In conversation with our young researchers: Daniele Proverbio
03 September 2021
The possibility of having solid and general mathematical results opens many potential future applications.
One of the prospects is to predict the time evolution and its driving mechanisms of any x. As such, x can describe anything we want to apply the theory to. The detection of dangerous epidemic trends is, for instance, one immediate application of great societal impact.
Why do certain systems suddenly start functioning in unpredictable and drastically different ways?
Daniele Proverbio is a doctoral researcher at the Luxembourg Centre for Systems Biomedicine (LCSB) at the University of Luxembourg. His main research lies at the intersection of physics, systems biology and computational sciences.
Mathematical methods as a go-between
Daniele Proverbio is a physicist whose project primarily concerns the classification of driving mechanisms for abrupt regime shifts in dynamical systems.
The Italian citizen seeks to understand how certain system suddenly start functioning in unpredictable and drastically different ways, undergoing the so called “critical transitions”. Epileptic seizures, i.e. when a healthy brain suddenly becomes restless, is one applied problem he is investigating. Another is epidemic evolution, whose mathematics is very similar to that of the other systems, which allows an immediate application of many theoretical results.
“I am addressing the question: is it possible to raise an early alert for such changes? This endeavour requires developing mathematical models and computer simulations, knowing the biology of what is modelled, and combining them consistently.”Daniele Proverbio
Daniele Proverbio is also involved in other projects that span from understanding the synchronisation of certain multi-unit systems, through the application of deep learning techniques for medical imaging, to collaborative modelling of the effects of brain stimulation for Parkinson’s disease patients.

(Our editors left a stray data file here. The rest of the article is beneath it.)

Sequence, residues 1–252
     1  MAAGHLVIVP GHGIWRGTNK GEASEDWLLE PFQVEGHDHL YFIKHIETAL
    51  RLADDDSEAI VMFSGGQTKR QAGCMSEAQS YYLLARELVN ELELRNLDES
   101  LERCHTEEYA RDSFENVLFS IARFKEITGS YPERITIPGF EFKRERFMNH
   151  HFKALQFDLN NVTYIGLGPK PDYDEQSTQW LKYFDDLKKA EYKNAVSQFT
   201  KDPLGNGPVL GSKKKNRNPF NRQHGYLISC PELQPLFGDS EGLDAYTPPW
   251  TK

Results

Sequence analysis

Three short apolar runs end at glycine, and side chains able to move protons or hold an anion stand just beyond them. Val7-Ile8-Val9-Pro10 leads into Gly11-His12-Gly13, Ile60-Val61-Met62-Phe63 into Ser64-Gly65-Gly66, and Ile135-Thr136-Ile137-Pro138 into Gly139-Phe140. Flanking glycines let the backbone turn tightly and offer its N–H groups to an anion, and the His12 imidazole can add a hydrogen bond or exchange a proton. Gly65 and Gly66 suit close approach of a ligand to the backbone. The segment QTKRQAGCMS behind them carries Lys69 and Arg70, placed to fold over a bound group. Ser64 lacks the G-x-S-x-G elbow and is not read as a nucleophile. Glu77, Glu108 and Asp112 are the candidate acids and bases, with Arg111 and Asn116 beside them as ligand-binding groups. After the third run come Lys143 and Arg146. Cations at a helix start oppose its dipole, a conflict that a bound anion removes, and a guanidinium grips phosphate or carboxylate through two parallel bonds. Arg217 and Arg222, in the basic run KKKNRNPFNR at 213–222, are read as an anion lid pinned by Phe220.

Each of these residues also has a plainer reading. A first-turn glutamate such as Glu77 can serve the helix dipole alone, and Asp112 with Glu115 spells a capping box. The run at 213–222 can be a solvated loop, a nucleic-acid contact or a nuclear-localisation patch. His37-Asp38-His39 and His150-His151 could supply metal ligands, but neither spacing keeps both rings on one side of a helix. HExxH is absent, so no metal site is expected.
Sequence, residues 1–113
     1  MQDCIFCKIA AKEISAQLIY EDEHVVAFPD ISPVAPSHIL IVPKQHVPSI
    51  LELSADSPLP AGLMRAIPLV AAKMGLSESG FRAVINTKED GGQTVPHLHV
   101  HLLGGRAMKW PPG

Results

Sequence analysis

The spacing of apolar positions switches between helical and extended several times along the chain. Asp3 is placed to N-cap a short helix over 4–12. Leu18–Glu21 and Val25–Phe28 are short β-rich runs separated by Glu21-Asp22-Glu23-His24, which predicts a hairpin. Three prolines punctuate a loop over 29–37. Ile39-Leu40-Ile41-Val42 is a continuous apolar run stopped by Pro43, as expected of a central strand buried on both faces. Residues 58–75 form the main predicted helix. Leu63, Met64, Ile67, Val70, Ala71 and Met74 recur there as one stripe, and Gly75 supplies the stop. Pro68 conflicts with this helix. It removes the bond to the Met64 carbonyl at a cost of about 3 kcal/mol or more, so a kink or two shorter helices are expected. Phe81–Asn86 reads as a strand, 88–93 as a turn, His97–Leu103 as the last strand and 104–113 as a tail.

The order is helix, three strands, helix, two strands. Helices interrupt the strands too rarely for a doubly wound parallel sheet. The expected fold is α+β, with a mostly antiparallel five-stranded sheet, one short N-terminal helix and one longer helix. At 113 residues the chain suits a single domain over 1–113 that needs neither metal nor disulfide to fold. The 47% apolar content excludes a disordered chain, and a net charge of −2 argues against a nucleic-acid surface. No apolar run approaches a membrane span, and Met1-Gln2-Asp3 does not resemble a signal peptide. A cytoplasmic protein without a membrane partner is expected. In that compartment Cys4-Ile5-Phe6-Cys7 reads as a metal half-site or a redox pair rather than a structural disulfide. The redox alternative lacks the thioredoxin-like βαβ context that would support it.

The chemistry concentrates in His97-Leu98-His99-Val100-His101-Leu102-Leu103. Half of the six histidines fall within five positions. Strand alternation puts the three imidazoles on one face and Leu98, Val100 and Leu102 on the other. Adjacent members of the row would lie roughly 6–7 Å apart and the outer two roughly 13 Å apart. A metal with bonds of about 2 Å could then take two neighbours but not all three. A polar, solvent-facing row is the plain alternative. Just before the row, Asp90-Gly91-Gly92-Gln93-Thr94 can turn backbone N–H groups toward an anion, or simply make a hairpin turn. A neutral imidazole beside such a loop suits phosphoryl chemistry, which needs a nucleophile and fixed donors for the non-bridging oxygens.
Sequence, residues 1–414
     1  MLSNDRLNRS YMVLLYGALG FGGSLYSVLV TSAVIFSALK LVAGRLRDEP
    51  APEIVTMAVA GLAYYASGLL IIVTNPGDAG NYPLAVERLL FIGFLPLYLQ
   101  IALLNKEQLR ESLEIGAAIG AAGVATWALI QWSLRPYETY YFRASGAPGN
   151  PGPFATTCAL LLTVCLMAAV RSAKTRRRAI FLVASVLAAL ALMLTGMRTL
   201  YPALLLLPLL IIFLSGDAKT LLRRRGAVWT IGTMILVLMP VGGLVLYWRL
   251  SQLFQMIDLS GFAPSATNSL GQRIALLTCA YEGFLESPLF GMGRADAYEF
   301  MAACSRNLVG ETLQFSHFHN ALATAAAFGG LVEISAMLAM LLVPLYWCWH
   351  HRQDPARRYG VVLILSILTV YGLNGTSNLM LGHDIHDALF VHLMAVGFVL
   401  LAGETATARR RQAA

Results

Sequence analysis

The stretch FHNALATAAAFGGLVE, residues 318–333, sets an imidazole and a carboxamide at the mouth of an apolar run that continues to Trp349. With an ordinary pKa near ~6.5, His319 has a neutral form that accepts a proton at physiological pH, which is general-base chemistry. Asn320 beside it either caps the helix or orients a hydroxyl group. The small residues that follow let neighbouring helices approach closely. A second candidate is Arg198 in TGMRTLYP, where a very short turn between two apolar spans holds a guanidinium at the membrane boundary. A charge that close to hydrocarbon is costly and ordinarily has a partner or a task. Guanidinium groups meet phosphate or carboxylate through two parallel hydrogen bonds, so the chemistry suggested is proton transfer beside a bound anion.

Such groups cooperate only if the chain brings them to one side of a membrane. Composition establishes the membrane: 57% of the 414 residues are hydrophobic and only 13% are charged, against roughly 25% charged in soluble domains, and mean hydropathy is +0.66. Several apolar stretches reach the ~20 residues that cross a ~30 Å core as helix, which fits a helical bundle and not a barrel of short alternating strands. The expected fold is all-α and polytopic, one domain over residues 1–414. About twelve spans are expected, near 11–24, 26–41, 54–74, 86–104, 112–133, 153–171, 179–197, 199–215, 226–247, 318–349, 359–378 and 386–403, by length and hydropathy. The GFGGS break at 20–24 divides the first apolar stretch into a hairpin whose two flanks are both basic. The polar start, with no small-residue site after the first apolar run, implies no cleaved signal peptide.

“I believe that the collaboration of mathematical models and laboratory experiments might help unravelling the main mechanisms for the onset of certain diseases, thus assisting practitioners and patients.”Daniele Proverbio
The common thread linking the researcher’s projects is finding accurate descriptions of certain systems with mathematical methods, extrapolating useful information, and using it to best describe and predict the temporal evolution of that system.
Research to understand natural phenomena
Daniele Proverbio’s first research experience occurred while writing his undergraduate thesis on cosmic rays at the Karlsruhe Institute of Technology.
In addition of earning a Master’s degree in Physics of Complex Systems at the University of Turin, he graduated at the Scuola di Studi Superiori di Torino “Ferdinando Rossi”, an institution of excellence focusing on multidisciplinary subjects.
“My main interest is to understand natural phenomena, and to help others to understand them as well. I believe that research is the best suited job for this, as well as for enjoying the freedom of pursuing intellectual challenges.”Daniele Proverbio
Why Luxembourg as a research destination?
In 2018, Daniele Proverbio joined the Systems Control group of the Luxembourg Centre for Systems Biomedicine (LCSB) at the University of Luxembourg to conduct a PhD. “The LCSB is a peculiar environment, which hosts theoretical groups amidst experimentalists. This enables true interdisciplinarity: a physicist like me can ask a biologist the necessary information to develop a valid model, as well as to get the data to test it.”